Awards: Grammy Award for Best Original Jazz Composition for “Cast Your Fate to the Wind,” 1962; nominated for an Academy Award for Best Music Scoring for the film “A Boy Named Charlie Brown.”
Ralph Gleason for public television in 1963, which profiled Guaraldi and analyzed his hit.
Because of the increased acclaim this record brought, Guaraldi felt compelled to explore new settings for his music. When he was approached by the California Episcopal Archdiocese to produce a celebration of the Holy Eucharist with music in the jazz medium, Guaraldi responded. On May 25, 1965, the Guaraldi Mass was celebrated, and recorded, at Grace Cathedral in San Francisco. A two hundred-voice choir performed Gregorian-like chants while Guaraldi and his trio accompanied with jazzy improvisations. Despite a few detractors who felt it inappropriate, the Mass received wide coverage and acclaim from such sources as Time magazine and Bishop James A. Pike, head of the diocese of California.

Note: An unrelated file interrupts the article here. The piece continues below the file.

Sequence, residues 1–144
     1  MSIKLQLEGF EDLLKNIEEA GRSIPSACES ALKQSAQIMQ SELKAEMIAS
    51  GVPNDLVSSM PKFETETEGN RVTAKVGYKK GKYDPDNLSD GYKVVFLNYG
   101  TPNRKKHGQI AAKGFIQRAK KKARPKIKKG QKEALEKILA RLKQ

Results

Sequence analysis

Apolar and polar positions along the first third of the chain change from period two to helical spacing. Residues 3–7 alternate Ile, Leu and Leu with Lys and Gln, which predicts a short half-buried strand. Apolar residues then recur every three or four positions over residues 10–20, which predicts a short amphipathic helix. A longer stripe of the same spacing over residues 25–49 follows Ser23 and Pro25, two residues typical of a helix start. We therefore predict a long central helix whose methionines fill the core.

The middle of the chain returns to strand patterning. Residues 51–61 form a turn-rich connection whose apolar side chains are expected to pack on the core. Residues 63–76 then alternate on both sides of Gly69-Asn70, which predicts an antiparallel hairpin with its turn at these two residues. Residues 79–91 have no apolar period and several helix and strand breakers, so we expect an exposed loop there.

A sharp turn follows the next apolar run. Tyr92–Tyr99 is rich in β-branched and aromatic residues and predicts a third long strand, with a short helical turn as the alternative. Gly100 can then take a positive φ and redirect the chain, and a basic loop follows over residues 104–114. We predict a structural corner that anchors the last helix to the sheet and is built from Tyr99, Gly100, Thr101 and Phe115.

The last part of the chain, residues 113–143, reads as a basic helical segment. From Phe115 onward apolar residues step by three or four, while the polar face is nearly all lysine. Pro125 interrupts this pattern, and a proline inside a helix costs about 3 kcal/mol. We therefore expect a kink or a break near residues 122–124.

A new setting for Guaraldi’s music also came through his soundtracks for the Peanuts television specials and film. Ralph Gleason introduced Guaraldi to Peanuts producer Lee Mendelson, who had wanted a jazz track to accompany the cartoons, differentiating them from others done previously. Their collaboration spanned sixteen half-hour shows and one movie, “A Boy Named Charlie Brown,” for which Guaraldi was nominated for an Academy Award for best music scoring of a feature film in 1970. In 1981, Mendelson told Doerschuk, “I think Vince’s music was one of the contributions that made the Charlie Brown shows successful.… Vince gave it a sound, an individuality, that no other cartoon had ever had. I’d say that over the last fifteen years we’ve received as much mail asking about the music as we have about anything else in the shows.”